Through supreme decree N° 080-2020-PCM, the Peruvian government authorized mining operators to resume activities as of May 2, 2020.
According to the decree, miners are allowed to exploit, refine, store and transport minerals and metals, as well as go on with construction projects and mine closures.
Industrial activities were halted in the South American country in mid-March due to the covid-19 pandemic. The resumption of operations is going to be done gradually, with a first phase starting in May and ending in August.
During this initial trial, companies are obligated to implement strict health and safety protocols that prevent the spread of infections. Health authorities will conduct regular inspections in plants and mine sites to monitor compliance.
Besides the mining sector, which is responsible for 60% of all exports in the world’s No. 2 copper producer, industrial fisheries, suppliers for the agricultural sector, and the chemical, metal, forestry, paper, glass industries, among others, were allowed to restart.
In a similar fashion, Bolivia’s Mining Minister Carlos Huallpa announced that a multi-ministerial resolution was approved allowing private, state-owned and co-op mining operations to resume activities as of May 2, 2020.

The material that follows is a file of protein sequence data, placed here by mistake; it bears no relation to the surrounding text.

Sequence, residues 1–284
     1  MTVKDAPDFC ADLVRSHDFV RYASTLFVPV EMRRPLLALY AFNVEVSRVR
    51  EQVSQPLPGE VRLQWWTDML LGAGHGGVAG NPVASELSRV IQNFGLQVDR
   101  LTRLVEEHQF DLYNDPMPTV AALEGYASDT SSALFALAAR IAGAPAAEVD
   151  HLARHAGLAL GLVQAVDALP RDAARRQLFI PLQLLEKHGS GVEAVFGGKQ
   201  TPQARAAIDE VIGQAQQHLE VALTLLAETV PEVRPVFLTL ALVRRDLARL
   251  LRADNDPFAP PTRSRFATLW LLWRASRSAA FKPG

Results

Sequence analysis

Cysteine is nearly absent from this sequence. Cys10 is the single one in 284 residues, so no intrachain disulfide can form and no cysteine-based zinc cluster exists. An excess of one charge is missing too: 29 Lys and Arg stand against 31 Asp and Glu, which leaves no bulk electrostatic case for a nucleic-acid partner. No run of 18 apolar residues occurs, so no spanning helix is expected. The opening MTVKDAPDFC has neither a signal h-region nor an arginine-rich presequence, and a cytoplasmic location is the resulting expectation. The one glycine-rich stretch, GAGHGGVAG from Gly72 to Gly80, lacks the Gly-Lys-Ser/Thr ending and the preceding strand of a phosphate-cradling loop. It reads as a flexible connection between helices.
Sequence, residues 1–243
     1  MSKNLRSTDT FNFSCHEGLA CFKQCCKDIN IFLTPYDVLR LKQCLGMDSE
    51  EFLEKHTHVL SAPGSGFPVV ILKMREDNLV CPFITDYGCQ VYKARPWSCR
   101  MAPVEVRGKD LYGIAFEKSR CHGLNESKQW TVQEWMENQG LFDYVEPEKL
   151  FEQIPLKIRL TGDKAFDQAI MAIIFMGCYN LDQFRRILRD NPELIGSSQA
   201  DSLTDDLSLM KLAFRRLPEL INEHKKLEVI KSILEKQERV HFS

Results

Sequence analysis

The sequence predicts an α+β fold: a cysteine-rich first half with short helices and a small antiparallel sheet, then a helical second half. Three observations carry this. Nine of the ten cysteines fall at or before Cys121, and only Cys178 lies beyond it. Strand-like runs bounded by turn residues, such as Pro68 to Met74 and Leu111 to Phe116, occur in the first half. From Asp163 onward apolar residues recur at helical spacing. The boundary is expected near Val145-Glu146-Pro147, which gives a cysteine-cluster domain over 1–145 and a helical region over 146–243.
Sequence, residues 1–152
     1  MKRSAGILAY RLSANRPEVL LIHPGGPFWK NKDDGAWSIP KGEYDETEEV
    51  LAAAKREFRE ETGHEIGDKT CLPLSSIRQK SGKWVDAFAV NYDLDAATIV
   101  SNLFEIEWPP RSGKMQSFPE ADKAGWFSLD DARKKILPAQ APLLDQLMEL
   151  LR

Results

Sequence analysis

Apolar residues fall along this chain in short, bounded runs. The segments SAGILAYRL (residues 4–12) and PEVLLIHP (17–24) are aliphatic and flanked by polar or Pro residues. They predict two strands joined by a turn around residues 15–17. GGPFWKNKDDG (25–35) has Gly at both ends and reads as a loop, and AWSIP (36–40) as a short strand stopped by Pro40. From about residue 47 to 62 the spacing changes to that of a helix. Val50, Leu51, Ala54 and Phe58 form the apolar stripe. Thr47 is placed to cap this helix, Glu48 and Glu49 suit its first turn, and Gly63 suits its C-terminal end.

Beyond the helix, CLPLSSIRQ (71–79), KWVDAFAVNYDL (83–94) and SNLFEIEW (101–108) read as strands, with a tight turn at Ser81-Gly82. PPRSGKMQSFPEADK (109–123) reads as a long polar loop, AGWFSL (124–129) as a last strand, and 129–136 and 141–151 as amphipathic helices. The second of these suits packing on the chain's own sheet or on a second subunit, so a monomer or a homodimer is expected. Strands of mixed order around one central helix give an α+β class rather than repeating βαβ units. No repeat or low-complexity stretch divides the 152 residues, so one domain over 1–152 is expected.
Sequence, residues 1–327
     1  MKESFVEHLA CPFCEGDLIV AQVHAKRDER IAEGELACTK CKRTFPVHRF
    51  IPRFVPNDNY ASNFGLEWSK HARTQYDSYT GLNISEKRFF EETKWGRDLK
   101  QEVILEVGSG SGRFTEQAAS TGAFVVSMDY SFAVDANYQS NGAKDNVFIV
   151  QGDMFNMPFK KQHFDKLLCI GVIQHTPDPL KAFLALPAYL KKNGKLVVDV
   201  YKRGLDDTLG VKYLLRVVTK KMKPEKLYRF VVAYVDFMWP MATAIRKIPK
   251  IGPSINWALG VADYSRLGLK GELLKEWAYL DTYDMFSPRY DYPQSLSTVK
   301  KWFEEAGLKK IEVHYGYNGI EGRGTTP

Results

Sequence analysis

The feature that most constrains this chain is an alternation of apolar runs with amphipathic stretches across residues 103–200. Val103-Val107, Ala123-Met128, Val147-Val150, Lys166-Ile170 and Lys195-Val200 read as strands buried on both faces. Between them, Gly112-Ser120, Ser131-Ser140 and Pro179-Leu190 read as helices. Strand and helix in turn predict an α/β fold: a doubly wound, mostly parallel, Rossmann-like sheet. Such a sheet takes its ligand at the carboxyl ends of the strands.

In order to get back to work, however, companies have to send a request to the ministry asking for permission and submit the biosafety protocols that they will put in place to avoid the spread of covid-19.
According to Huallpa, the government established that, at minimum, all sites must install disinfection chambers and have enough thermometers to check workers’ temperature.
The minister also said that it is mandatory to set up mobile hospitals with triage units and test employees for underlying conditions that may put them at risk of severe complications from covid-19.
Besides being an important producer of zinc, gold and silver, Bolivia belongs -together with Chile and Argentina- to what is known as the “lithium triangle.” The U.S. Geological Survey estimates that Bolivia has 9 million tonnes of identified lithium resources buried beneath its salt flats.